Tuesday, 27 September 2016

Both Local and National Importance

With my emphasis added, Katie Dickinson writes:

Durham County Council has joined calls for a public inquiry into the police operation at Orgreave during the miners’ strike.

Last week saw reports that home secretary Amber Rudd was set to approve an investigation into the violent clashes between thousands of officers and pickets at the South Yorkshire coking plant in June 1984.

Now the county council has unanimously passed a resolution, with support from members of all political parties, recognising the events of that day as “of both local and national importance”. 

Councillors have asked for a review of what happened, and requested that the government holds meaningful discussions with the Orgreave Truth and Justice Campaign, the National Union of Mineworkers and concerned MPs. 

During the confrontation 95 miners including four from the Durham coalfield faced trumped up charges including riot which has a maximum life sentence. 

All the charges were later dropped after allegations of police fabricating evidence and 39 miners received compensation. 

Coun Joy Allen, the council’s cabinet member for safer communities, said: 

“In Durham, miners and their families were adversely affected by the events of 18 June 1984, in terms of wrongful arrest, false imprisonment, ill-health, family breakdown and lost jobs. 

“An investigation into the military style policing used on that day is long overdue and only a full public inquiry can investigate this.”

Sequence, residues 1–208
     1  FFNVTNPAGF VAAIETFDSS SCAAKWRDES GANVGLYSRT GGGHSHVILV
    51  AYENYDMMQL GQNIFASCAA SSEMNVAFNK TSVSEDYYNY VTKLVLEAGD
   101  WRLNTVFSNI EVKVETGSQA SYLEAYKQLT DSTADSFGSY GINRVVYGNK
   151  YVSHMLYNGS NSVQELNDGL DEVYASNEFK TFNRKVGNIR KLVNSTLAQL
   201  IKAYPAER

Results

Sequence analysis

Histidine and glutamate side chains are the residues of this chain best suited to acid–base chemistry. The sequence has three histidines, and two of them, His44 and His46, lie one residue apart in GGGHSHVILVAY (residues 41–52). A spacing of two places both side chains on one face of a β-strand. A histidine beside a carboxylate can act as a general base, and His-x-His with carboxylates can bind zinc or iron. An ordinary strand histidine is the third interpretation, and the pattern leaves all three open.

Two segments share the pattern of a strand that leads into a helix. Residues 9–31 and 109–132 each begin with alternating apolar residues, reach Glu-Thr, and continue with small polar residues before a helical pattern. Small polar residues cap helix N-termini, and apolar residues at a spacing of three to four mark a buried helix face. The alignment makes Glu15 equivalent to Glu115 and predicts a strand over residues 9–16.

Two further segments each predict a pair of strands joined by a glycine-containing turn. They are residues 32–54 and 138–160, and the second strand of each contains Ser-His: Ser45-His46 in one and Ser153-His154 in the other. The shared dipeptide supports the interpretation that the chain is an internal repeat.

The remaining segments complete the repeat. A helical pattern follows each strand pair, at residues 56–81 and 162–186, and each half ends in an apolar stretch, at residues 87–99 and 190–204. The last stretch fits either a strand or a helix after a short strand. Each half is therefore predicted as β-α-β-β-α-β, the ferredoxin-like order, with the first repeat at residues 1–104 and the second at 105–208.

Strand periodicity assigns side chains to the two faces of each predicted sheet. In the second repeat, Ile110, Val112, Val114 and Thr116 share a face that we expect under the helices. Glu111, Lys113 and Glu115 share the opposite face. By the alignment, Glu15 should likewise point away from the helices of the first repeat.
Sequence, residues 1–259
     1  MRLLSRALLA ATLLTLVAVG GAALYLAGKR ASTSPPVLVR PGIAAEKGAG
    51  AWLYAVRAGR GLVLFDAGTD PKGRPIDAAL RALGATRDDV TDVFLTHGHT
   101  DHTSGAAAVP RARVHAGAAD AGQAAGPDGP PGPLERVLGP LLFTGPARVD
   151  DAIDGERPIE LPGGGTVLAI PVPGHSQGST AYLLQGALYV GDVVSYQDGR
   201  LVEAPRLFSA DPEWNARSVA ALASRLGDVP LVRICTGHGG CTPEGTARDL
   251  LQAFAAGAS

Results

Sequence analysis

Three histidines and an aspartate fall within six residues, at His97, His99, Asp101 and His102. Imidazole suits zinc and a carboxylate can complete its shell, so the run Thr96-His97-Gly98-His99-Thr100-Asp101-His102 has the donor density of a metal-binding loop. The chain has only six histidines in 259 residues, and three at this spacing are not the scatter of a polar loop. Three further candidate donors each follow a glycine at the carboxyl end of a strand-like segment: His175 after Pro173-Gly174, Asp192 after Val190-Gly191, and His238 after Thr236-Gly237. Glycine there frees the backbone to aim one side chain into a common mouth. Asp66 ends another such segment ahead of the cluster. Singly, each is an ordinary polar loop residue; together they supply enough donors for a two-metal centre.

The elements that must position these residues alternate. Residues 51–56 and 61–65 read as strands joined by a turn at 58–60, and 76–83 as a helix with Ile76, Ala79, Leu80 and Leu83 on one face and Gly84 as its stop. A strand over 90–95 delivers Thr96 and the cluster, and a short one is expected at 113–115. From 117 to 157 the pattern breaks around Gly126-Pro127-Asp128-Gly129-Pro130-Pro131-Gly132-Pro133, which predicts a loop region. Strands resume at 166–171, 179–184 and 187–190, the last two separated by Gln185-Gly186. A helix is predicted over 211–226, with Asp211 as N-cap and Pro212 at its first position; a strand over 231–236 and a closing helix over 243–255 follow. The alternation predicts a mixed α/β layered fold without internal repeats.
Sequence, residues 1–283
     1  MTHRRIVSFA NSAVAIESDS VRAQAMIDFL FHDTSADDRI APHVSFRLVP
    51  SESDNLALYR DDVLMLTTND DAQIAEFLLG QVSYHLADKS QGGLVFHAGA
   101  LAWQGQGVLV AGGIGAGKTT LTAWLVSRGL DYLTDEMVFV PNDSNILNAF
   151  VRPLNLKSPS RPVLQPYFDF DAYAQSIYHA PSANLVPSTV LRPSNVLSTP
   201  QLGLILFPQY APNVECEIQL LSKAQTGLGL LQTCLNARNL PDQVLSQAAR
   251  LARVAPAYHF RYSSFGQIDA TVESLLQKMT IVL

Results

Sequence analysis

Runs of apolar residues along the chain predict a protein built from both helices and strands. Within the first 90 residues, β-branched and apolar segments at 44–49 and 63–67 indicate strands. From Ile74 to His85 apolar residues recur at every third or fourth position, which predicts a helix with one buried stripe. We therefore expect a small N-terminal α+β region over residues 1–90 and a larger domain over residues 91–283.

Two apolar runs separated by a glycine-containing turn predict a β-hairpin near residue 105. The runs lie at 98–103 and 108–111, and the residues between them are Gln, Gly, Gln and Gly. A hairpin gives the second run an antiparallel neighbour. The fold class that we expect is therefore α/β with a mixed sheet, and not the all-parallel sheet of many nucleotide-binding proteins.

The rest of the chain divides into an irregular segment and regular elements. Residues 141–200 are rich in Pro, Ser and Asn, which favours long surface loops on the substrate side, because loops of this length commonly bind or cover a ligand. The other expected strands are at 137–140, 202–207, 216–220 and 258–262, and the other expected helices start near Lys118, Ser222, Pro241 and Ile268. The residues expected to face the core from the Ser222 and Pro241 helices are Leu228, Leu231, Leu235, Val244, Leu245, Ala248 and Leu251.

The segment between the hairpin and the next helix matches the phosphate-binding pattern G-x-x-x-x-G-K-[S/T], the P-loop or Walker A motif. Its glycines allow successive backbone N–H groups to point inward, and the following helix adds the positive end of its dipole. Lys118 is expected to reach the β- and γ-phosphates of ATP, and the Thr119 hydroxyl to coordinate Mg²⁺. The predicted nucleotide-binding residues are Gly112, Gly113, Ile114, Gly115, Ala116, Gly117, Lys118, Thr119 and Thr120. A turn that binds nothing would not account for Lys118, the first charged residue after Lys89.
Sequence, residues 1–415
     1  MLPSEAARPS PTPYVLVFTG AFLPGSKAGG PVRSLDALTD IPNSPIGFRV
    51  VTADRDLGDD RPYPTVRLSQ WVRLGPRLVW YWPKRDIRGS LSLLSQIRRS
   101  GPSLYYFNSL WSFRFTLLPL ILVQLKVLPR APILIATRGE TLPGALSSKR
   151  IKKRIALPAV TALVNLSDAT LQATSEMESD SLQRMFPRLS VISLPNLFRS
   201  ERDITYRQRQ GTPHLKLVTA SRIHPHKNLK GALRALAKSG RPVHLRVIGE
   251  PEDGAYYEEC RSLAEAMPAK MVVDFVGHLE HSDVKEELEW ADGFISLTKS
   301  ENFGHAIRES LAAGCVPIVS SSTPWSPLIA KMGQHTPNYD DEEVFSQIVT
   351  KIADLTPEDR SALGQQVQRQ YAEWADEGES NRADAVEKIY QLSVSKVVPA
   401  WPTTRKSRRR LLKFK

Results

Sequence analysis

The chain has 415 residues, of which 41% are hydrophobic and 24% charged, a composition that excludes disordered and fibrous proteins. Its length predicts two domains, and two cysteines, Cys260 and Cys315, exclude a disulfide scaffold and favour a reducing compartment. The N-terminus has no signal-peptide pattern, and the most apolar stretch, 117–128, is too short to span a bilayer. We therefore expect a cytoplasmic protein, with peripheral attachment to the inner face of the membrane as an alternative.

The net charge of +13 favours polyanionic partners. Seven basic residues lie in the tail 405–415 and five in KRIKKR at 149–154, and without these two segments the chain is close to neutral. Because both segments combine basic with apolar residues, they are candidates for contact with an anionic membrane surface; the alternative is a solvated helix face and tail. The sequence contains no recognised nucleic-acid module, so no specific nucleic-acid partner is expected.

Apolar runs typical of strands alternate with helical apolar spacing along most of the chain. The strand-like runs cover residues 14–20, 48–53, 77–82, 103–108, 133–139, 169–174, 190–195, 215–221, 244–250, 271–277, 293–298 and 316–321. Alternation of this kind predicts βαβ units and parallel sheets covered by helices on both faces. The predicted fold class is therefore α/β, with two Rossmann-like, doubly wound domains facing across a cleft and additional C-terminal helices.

Coun Rob Crute, who proposed the resolution, said:

“Perhaps the most disturbing outcome of that day’s events was the effect it had on the manner of policing at subsequent events.

“Without effective controls some police clearly came to believe that they could act with impunity.

“The Orgreave Truth and Justice Campaign was set up to lead calls for a public inquiry into the events that took place, including methods used by South Yorkshire police during and after the event which included wrongful arrest, false imprisonment and false prosecution.

“Surely the time is now right to show solidarity with the OTJC and join calls for a public inquiry into the policing tactics used at Orgreave.

“Perhaps this could be similar in structure to the independent panel established to investigate the tragic events at Hillsborough.” 

The operation during the year long miners’ strike was led by South Yorkshire police.

Five years later the same force was subsequently shown to have used similar tactics to blame Liverpool fans for the Hillsborough disaster in which 96 supporters died.

The Home Office has not confirmed that a decision has been made, and says there will be an announcement before the end of October.

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